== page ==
Abortion and same-sex marriage will get ample airtime during the campaign. But add to the agenda the notion that religious freedom is under attack.
Conservative Catholics and evangelicals are driving the topic, which Rick Santorum and Rick Perry pressed during the primaries with their suggestion that the Obama administration has declared war on religion. Most Republicans agree. Sixty percent of Republicans think religious freedoms are in jeopardy, according to a March poll by the Public Religion Research Institute and Religion News Service. The poll found 69 percent of Democrats don't consider religious liberties under attack.
Both sides have a point -- and each is missing something important.
Let's start with the Obama administration requirement that employers provide birth control through health plans. The mandate illustrates where some liberals fail to recognize an issue of religious liberty.
Yes, the administration exempted houses of worship. But Catholic leaders claimed the move violated their teachings about contraception. They were right, especially in how far government can go in forcing a faith to compromise its identity.
The administration scrambled to compromise, proposing that insurers be required to fund the contraceptive coverage of workers in religiously affiliated organizations.
But last month, 43 institutions sued. They argue -- persuasively -- that this debate isn't just about contraception. It's about religious freedom, which remains threatened.
During an e-mail exchange last week, Bishop Kevin Farrell, who heads the Dallas diocese, backed that claim. I especially was struck by his contention that the compromise creates an unworkable formula for determining which organizations can be exempted from the ruling.
For instance, to qualify for the exemption, an institution must primarily serve people who share the institution's religious beliefs. How will Washington enforce that provision? Should it survey every client who enters, say, a Catholic charity to determine how many are Catholic? That's a slippery slope for any administration to head down.
Now, let's flip this discussion around, and look at how conservatives, especially conservative evangelicals, miss a key point in their concerns. In their case, they too often confuse religious freedom with religious privilege. Specifically, some seem to want an advantage for their faith, which leads them to complain when they feel that privilege is not being upheld.Confusing freedom and privilege could explain why many evangelicals believe religious freedoms are threatened. In that March survey, 61 percent said such liberties were in jeopardy. They complained about God being taken out of public life and hostility toward Christianity.Todd Starnes of Fox News Radio exemplified this view in a book complaining that Obama has declared war on Christianity. You also see some conservative Christians seeking an advantage when they argue for putting the Ten Commandments in courthouses, an action that ignores the views of others.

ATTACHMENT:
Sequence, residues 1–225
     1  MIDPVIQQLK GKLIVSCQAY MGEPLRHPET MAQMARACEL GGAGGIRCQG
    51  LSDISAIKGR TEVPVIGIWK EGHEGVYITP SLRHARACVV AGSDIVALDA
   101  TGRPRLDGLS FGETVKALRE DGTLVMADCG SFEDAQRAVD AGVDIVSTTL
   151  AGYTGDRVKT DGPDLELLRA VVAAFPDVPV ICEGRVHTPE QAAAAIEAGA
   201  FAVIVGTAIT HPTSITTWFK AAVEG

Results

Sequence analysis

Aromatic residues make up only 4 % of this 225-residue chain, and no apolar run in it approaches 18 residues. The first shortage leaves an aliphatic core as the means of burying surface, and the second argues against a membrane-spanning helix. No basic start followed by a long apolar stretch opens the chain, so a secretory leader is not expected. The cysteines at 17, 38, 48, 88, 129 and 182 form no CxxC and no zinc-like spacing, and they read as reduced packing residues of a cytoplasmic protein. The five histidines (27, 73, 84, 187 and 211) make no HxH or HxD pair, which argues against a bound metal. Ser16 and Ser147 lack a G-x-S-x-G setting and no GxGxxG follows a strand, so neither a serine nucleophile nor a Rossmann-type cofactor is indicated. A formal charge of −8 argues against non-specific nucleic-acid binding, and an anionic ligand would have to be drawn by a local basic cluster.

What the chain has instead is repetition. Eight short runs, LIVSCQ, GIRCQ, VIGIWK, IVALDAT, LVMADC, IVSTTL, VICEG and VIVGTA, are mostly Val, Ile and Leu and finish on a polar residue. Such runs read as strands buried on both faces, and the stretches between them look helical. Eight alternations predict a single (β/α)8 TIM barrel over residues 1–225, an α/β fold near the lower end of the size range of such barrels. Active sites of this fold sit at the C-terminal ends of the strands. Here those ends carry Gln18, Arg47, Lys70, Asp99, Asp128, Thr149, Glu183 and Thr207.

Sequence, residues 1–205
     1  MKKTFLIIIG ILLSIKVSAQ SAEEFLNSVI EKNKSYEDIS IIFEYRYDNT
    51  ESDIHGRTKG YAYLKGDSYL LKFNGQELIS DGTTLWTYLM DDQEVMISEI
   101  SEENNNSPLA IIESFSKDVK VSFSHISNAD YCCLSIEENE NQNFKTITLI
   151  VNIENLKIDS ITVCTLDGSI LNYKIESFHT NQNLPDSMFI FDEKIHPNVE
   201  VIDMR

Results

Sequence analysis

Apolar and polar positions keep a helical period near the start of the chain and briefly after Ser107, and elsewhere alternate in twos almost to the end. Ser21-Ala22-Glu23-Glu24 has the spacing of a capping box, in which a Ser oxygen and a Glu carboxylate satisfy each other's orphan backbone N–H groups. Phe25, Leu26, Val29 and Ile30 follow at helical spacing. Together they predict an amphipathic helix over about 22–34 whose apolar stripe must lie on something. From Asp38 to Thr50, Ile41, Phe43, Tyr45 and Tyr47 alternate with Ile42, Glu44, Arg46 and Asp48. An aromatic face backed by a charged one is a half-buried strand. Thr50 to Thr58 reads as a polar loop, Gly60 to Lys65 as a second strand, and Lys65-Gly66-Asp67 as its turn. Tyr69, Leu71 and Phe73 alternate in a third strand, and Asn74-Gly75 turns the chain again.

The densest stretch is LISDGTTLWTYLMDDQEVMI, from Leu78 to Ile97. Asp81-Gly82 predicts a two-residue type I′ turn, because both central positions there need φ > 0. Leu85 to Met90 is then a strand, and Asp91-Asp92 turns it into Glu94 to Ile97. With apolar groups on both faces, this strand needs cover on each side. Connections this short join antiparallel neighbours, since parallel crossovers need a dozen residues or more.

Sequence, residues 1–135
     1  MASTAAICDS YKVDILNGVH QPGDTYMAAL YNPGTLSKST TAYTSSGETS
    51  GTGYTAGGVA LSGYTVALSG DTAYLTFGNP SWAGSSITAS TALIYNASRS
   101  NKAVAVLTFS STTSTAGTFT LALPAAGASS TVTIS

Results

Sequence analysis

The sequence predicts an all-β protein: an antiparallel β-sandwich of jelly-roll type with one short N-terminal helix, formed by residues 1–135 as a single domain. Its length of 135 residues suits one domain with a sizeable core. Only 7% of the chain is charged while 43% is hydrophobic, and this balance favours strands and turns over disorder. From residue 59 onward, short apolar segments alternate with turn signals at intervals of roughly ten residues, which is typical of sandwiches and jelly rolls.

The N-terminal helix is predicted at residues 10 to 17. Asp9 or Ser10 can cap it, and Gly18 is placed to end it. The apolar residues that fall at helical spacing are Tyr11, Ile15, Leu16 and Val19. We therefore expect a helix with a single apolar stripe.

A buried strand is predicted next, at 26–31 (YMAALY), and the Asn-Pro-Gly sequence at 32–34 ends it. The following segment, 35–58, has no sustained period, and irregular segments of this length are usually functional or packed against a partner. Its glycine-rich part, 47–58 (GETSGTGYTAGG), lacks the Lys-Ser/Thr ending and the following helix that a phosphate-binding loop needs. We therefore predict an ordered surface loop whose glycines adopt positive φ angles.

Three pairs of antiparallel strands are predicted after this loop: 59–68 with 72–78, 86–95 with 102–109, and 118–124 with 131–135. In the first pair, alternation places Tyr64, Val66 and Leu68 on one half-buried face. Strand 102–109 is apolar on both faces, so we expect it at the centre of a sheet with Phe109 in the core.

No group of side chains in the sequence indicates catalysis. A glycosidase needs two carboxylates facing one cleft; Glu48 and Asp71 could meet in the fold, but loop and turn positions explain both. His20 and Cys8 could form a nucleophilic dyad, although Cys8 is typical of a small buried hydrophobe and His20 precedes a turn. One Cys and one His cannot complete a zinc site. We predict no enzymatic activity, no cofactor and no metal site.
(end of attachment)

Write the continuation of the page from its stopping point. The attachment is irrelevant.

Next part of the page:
William Lawrence, dean of the Perkins School of Theology at Southern Methodist University, recently put a fine point on the freedom vs. privilege distinction. Writing on the Dallas Morning News' Texas Faith blog, he noted: "Crusades have been launched in support of a child who wanted to distribute candy canes in the Christmas season and a teenage high school valedictorian who wanted to offer a prayer rather than a speech. The crusades raise attention and money on the pretext that the freedom of religion in America is under attack.
"Actually, what these crusaders have recognized -- but will not admit -- is that religious privilege is under attack. The Constitution of the United States protects religious freedom, but it also prohibits religious privilege."
Of course, some argue that Catholic leaders want a privilege, not just a freedom. But they are actually raising important questions about how far government can go in forcing any people of faith to change their beliefs.
Religious freedom played a role in America's founding, so it's natural to debate the topic in a campaign. But beware: This issue is a tricky one, real tricky.
William McKenzie is an editorial columnist for The Dallas Morning News. Email: email@example.com